Battleship Potemkin (1925)

One of the most significant pictures of the silent era, Eisenstein’s work is a revolutionary film in more ways than one—as fervent a Soviet propagandist piece as any, as well as a trailblazer in pushing montage theories forward. 

Rating: 4.5 out of 5.

Review #2,477

Dir. Sergei Eisenstein
1925 | Soviet Union | Drama | 72 min | 1.25:1 | Silent – Russian
Not rated – likely to be PG13 for some disturbing images

Cast: Aleksandr Antonov, Vladimir Barskiy, Grigoriy Aleksandrov
Plot:
In the midst of the Russian Revolution of 1905, the crew of the battleship Potemkin mutiny against the brutal, tyrannical regime of the vessel’s officers. 
Awards:

Distributor: MosFilm

Accessibility Index
Subject Matter: Moderate – Mutiny; Russian Revolution
Narrative Style: Straightforward
Pace: Slightly Slow
Audience Type: General Arthouse

Viewed: YouTube
Spoilers: No


Available for viewing on MosFilm’s YouTube channel: https://www.youtube.com/watch?v=a_bkBbrdyyw

Sergei Eisenstein’s best-known work, and one of the most significant pictures of the silent era, Battleship Potemkin was a revolutionary film in more ways than one.  It is as fervent a Soviet propagandist piece as any, as well as a trailblazer in pushing montage theories forward.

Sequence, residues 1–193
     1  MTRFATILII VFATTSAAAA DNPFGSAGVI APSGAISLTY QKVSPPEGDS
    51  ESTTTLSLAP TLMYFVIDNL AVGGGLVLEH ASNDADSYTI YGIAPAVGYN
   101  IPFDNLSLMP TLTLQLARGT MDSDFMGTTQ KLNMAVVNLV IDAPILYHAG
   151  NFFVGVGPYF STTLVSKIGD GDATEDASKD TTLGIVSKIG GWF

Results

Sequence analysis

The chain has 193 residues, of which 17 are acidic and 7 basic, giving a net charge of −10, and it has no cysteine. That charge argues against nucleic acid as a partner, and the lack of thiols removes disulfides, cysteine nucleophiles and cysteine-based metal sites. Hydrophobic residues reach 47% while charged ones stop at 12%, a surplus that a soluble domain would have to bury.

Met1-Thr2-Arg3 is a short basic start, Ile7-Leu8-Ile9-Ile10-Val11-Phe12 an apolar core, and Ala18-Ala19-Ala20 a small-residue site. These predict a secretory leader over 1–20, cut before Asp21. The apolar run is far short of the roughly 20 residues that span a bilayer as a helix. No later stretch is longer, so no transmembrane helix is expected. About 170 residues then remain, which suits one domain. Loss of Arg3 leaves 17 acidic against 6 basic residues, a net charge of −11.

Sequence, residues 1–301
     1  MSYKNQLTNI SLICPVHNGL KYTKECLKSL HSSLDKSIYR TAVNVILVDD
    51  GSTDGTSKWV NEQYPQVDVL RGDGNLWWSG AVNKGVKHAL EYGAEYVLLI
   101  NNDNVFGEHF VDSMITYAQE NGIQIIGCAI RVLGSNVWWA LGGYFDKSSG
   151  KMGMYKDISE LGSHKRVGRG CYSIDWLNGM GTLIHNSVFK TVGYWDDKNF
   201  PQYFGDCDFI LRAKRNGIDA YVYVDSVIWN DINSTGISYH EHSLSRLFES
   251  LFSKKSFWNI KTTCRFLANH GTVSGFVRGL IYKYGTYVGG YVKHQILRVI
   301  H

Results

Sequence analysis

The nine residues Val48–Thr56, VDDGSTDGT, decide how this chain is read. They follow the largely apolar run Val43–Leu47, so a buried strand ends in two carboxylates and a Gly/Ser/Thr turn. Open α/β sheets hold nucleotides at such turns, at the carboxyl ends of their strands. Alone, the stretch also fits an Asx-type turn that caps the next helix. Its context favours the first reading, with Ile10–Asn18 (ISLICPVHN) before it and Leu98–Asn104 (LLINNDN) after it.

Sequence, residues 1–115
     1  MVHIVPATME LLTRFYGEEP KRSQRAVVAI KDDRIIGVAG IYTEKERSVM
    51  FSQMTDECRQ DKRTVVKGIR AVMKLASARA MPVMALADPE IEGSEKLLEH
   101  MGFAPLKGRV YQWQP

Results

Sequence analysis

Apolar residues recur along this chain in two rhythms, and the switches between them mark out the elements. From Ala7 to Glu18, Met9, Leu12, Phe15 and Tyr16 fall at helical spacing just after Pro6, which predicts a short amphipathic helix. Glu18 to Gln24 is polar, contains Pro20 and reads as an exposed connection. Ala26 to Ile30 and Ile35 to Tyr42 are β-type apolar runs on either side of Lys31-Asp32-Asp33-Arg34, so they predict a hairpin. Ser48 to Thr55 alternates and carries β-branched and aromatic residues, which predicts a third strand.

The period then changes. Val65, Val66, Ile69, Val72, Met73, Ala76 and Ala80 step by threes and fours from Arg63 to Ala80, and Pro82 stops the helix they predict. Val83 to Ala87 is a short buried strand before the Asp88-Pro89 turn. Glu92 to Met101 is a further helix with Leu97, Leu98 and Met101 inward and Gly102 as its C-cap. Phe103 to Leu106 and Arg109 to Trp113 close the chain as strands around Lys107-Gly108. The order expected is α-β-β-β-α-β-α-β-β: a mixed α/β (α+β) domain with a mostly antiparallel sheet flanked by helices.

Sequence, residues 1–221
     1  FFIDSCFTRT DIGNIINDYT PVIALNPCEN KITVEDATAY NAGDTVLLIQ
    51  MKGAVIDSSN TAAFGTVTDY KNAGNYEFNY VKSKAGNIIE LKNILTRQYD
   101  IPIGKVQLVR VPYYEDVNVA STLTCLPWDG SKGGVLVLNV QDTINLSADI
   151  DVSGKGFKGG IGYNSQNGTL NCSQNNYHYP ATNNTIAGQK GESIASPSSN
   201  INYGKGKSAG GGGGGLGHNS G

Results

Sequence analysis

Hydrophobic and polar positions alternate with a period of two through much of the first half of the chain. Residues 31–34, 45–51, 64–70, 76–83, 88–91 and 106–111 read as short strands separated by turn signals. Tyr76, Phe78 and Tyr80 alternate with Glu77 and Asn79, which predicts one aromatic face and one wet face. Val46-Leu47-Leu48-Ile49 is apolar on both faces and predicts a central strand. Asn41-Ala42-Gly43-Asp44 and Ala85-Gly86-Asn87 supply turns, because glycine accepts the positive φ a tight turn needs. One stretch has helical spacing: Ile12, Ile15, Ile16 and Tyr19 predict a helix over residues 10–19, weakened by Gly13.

Made to commemorate the Russian Revolution of 1905 and to rally the Russian public to fight for communistic beliefs, Battleship Potemkin is told in five chapters, starting with the mutiny of sailors onboard the eponymous ship, who are fed up with the rotten meat that they are forced to cook soup with. 

The fourth segment features one of the most famous sequences in all of cinema—the Odessa Steps massacre, which has been parodied in a number of films, most notably Brian De Palma’s The Untouchables (1987). 

“All of Russia has risen! Are we to be the last?”

The awakening of the Russian people and a sense of heightened political consciousness were captured radically (at least at the time) through Eisenstein’s hit-the-hammer-on-the-nail visual style, where he applied with judicious precision montage techniques that he had theorised. 

Despite some full-throttle scenes of action, dread and suspense, the film also contains stretches of elegiac scenes of Zen-like calm, most apparent in the third segment where crowds turn up to pay their respects to a fallen sailor.  At only 70-plus minutes, it is also an accessible and economical place to start with Eisenstein. 

Although no one in the right mind today would make a film entirely out of montage techniques, Battleship Potemkin’s influence remains immeasurable, from match cuts masquerading as intellectual montage in arthouse cinema to precise beat-cutting in today’s flashy K-pop music videos.

Grade: A


Trailer:

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